21-Day Safe Harbor Provision Does Not Apply to Fee Request in Opposing Frivolous Anti-SLAPP Motion

Stephen L. Raucher

In Changsha Metro Grp. Co., Ltd. v. Xufeng, 57 Cal. App. 5th 1 (2020), the Court of Appeal, Fourth Appellate District, clarified that the “safe harbor” provision of Code of Civil Procedure Section 128.5 does not apply where attorney’s fees are sought by a party opposing an anti-SLAPP motion which the court finds to have been frivolous.

The trial court found that Defendants Peng Xufeng and Jia Siyu filed a frivolous anti-SLAPP motion against Changsha Metro Group Co., Ltd.  The trial court then ordered Defendants to pay Changsha $61,915 for Changsha’s attorney’s fees in opposing the anti-SLAPP motion.  Defendants appealed, arguing (1) that they were not given a 21-day safe harbor period within which to withdraw their motion, and (2) Changsha requested attorney’s fees in its opposition to the anti-SLAPP motion, rather than in a separate motion.  Defendants appealed and the Court of Appeal affirmed.

The anti-SLAPP statute states that, if an anti-SLAPP motion is frivolous, then “the court shall award costs and reasonable attorney’s fees to a plaintiff prevailing on the motion, pursuant to Section 128.5.”  Code of Civil Procedure § 425.16(c)(1).  However, the anti-SLAPP statute also requires that the hearing on the motion be scheduled not more than 30 days after service.  Code of Civil Procedure § 425.16(f).

Code of Civil Procedure § 128.5(a) states, “A trial court may order a party, the party’s attorney, or both, to pay the reasonable expenses, including attorney’s fees, incurred by another party as a result of actions or tactics, made in bad faith, that are frivolous or solely intended to cause unnecessary delay.”  Moreover, Section 128.5(c) states, “Expenses pursuant to this section shall not be imposed except on notice contained in a party’s moving or responding papers or, on the court’s own motion, after notice and opportunity to be heard.”  Therefore, attorney’s fees may be awarded as expenses, and expenses may be requested in a party’s responding papers, which is what Changsha did.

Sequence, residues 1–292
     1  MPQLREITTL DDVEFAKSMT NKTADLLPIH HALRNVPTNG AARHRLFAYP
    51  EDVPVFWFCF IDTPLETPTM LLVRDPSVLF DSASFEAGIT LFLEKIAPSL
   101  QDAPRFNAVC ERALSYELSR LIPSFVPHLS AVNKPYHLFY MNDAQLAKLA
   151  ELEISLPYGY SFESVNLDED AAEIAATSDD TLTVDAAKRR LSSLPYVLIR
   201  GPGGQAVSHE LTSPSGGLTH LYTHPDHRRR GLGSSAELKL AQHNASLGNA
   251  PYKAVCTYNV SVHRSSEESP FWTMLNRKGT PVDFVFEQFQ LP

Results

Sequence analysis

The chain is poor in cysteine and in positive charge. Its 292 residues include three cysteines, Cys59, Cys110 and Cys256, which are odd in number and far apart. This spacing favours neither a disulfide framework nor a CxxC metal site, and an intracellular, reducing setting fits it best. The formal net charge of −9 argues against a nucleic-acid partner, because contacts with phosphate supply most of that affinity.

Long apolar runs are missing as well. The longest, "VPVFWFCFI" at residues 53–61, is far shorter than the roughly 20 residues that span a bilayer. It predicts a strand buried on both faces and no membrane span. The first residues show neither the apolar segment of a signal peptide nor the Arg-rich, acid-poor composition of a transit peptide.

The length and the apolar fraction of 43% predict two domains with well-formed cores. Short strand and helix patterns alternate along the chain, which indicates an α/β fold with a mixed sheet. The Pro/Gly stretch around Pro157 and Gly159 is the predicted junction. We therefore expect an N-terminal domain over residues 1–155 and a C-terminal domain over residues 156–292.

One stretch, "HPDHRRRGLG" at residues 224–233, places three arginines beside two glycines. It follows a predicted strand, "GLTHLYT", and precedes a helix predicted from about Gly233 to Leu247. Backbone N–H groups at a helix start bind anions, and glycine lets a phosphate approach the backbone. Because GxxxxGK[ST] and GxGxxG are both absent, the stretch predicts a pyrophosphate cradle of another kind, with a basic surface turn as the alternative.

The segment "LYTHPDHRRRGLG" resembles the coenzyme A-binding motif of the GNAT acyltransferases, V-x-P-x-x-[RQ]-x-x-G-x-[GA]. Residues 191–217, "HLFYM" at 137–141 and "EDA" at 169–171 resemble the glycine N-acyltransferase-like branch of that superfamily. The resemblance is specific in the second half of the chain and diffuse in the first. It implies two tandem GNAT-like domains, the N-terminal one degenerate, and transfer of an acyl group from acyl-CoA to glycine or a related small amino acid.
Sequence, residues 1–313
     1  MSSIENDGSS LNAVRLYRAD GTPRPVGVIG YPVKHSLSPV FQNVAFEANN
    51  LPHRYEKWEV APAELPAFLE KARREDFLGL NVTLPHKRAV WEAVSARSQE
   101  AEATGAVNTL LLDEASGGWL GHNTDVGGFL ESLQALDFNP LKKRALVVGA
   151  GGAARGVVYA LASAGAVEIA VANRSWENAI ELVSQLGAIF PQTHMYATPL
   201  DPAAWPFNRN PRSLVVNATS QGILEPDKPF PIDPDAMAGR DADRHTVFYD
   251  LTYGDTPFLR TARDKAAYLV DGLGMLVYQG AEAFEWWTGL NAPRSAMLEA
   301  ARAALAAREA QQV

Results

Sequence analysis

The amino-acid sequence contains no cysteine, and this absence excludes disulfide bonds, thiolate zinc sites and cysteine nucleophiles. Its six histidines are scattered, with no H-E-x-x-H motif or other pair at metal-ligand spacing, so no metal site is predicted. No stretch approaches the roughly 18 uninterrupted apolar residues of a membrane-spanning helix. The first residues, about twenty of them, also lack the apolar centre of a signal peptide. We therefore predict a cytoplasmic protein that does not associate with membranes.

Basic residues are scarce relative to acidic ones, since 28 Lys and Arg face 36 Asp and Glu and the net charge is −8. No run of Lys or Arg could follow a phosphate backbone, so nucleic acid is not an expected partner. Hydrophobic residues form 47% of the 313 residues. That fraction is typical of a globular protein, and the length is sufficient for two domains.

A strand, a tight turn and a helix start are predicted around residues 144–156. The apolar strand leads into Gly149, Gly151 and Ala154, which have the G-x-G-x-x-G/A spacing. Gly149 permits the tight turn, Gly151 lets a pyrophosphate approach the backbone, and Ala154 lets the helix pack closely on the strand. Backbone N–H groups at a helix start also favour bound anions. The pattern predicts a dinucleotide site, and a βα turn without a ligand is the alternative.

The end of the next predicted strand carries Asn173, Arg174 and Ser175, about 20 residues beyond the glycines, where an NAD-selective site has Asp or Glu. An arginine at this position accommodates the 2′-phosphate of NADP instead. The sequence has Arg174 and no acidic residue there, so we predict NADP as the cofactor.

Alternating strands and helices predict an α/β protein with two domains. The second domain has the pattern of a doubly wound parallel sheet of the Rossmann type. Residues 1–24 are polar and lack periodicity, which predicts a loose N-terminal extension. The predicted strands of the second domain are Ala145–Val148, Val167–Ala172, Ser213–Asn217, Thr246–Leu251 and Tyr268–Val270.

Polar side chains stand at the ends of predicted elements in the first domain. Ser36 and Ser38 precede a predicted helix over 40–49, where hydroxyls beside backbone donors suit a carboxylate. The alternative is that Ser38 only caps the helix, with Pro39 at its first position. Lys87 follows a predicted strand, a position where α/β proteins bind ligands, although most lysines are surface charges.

In regards to Defendants’ arguments, Code of Civil Procedure § 128.5(f) authorizes the trial court to impose sanctions, which can include attorney’s fees, if (1) the motion is “made separately from other motions or requests,” and (2) a 21-day safe harbor notice is served if the offending document can be withdrawn or corrected.  Code of Civil Procedure § 128.5(f)(1)(A) & (B).  However, the Court found that subdivision (f), which requires an order under subdivision (a), is not compatible with subdivision (c), reasoning that “If one obtains an order under subdivision (a), then the safe harbor provision of subdivision (f) is rendered meaningless because it will be impossible to withdraw a motion or pleading that has already been found to be frivolous or not under subdivisions (a) and (c).”  Id. at 11-12.  Moreover, the 21-day safe harbor provision is incompatible with the requirement that an anti-SLAPP motion be heard within 30 days of service.

After analyzing the statutes and reviewing the relevant legislative history, the Court concluded that subdivision (f) does not work with the anti-SLAPP statute.  Accordingly, the Court held “that if it is not possible to comply with the safe harbor and separate motion requirements of subdivision (f) when seeking attorney’s fees, then one should use the procedures set forth in subdivisions (a) and (c).”  Id. at 18.  The Court further concluded, “when it is not practical to apply the safe harbor provision then it need not be used.”  Ibid.  Thus, a party seeking sanctions under Section 128.5 for opposing a frivolous anti-SLAPP motion may simply seek attorney’s fees as part of its opposition, without complying with the 21-day safe harbor procedure.

RRB Scores Victory in District Court Class Action Suit

On October 27, 2020, USDC Judge James Donato struck down a California plaintiff’s bid to represent non-Californians in a nationwide class alleging that O Organics LLC’s kombucha drinks mislead consumers about their alcohol content.  Reuben Raucher & Blum successfully defended O Organics in demonstrating the significant differences between California consumer protection laws and consumer protection laws in other states which would make a nationwide class untenable.  The decision was published in a Law360 article entitled “Nationwide Class Struck From Kombucha False Ad Suit”.